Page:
I mentioned earlier that an important finding in Entergy v. Riverkeeper was that EPA can now decide when it will use cost-benefit analysis in environmental regulation (unless "categorically prohibited"), the standard to be applied to that analysis (strict or loose) and that it may change that standard without notice. I thought that the ruling was significant in that it put the power to use (and to quickly change the standard for) cost-benefit analysis firmly in the hands of the EPA Administrator, with all the political nuances therein. Fearing that mine might be a somewhat cynical take on the decision, I thought it might be a good idea to seek a second opinion -- what did the losers think of the ruling?
The New York Times reported that Alex Matthiessen, the president of Riverkeeper, said:
We are disappointed, of course, that the court did not affirm the lower court's judgment in it its entirety, but nonetheless pleased that the court agreed that EPA is not required to use cost-benefit analysis and left it up to EPA on remand to decide to what extent, if any, cost-benefit analysis should be used in regulating cooling water intake structures. We are looking forward to working with EPA's new administrator, whom we are confident will agree that the Bush EPA regulations failed to satisfy the Clean Water Act's mandate that the adverse environmental impacts of cooling water intake structures be minimized.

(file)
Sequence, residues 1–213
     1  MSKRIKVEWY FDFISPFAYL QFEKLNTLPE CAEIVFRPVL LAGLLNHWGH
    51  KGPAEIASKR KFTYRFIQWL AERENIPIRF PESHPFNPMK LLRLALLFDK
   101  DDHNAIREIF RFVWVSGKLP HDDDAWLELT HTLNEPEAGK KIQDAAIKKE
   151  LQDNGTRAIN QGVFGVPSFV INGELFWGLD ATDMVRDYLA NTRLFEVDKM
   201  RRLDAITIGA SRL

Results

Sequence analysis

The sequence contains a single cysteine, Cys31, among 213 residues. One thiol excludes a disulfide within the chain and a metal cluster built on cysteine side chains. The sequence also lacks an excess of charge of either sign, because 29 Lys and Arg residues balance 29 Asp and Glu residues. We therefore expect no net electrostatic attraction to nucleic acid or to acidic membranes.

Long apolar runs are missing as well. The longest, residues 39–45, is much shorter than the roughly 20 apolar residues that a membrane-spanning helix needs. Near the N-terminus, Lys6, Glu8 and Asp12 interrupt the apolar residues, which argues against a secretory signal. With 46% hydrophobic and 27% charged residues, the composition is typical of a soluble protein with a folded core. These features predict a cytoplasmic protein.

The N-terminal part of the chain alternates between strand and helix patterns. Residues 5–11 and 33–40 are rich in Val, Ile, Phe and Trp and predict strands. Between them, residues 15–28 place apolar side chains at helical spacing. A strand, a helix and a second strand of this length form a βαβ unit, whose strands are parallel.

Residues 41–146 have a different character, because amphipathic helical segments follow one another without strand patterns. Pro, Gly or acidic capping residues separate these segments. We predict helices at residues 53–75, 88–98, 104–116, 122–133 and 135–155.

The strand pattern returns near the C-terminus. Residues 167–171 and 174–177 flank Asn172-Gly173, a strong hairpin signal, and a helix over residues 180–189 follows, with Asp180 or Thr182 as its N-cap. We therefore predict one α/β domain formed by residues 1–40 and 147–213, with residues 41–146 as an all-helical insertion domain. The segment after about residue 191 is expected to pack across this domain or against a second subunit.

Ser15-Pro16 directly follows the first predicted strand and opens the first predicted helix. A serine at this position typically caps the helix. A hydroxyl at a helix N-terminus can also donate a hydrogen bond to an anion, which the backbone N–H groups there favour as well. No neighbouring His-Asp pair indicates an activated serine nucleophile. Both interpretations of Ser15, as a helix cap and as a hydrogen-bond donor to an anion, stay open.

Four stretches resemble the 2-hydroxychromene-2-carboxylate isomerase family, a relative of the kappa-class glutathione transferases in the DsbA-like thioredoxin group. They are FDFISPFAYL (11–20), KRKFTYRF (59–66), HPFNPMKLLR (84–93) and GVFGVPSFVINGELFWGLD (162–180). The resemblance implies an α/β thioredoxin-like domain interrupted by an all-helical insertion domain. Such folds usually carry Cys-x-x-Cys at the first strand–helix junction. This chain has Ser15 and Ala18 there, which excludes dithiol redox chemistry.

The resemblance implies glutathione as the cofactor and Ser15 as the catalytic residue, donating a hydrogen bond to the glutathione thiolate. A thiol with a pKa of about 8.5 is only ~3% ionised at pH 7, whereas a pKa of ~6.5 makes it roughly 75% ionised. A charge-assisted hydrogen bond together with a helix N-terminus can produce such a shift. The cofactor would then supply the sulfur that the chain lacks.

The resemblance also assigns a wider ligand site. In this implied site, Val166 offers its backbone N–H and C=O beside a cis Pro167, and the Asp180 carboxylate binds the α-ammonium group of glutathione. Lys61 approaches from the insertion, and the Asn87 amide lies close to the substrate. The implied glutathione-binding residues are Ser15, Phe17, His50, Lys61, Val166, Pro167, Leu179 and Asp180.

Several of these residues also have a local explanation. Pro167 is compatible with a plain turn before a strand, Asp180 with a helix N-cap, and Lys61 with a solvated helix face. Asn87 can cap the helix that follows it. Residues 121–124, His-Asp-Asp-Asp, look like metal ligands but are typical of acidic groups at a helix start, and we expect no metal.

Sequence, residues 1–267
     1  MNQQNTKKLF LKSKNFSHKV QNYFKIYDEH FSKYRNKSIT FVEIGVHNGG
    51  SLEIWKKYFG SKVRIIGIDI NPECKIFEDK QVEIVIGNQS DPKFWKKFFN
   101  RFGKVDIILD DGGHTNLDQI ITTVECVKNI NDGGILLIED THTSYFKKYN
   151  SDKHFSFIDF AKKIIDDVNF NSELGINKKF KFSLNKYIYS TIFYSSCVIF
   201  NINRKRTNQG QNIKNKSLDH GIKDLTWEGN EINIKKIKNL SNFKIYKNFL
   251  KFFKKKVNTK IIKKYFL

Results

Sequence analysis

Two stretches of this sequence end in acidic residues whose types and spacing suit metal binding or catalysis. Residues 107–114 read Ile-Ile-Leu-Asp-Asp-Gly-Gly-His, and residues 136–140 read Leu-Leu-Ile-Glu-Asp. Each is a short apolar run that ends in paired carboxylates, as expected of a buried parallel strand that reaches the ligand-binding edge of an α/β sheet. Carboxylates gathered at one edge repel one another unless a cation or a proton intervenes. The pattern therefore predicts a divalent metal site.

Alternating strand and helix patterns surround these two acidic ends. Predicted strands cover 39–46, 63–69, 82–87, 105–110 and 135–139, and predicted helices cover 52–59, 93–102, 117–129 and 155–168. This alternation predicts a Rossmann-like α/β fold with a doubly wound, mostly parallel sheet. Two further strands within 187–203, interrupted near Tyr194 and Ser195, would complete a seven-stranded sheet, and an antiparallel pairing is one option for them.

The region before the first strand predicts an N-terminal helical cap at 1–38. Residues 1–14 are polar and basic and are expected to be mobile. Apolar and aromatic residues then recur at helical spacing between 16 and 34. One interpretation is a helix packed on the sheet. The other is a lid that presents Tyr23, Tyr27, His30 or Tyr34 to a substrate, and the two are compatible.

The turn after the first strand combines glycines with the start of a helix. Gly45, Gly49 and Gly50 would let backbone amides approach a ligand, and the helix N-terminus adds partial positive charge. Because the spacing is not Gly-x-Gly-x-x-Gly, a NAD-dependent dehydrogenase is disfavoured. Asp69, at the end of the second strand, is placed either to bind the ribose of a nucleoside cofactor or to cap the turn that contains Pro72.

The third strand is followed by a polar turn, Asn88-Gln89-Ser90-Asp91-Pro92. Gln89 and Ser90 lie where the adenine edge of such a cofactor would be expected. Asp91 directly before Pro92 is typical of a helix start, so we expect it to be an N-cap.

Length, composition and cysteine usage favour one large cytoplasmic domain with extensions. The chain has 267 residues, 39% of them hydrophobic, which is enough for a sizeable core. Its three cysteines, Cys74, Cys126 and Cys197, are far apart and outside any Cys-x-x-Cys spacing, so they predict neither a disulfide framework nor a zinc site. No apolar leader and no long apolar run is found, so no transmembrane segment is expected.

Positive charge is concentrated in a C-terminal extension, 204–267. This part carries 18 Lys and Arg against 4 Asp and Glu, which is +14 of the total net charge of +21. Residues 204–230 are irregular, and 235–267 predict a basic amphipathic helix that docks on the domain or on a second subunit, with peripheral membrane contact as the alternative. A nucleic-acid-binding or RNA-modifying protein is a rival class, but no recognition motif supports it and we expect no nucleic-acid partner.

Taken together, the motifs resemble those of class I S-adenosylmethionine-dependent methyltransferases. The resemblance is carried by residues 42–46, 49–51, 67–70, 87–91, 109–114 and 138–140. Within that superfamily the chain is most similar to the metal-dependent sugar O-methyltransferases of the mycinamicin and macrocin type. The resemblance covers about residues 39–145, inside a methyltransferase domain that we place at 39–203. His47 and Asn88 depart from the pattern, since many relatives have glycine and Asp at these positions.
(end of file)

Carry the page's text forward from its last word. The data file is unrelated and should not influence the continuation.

Since EPA has not commented on the ruling, one might wonder why Mr. Matthiessen is so "confident." It is likely that it has something to do with the fact that Lisa Jackson has a new job. Ms. Jackson, formerly head of the New Jersey's Department of Environmental Protection, is now the Administrator of EPA. New Jersey was one of six states that joined in the Entergy case -- in support of Riverkeeper.
Ms. Jackson has excellent credentials and I have no doubt that she will be a great administrator of an Agency that is going to be very busy for four or more years. It must be helpful for her to know that on something as fundamental as the use of cost-benefit analysis, it's pretty much up to her as to when, and to what degree, it will be applied.
Sometimes it's funny how things work out.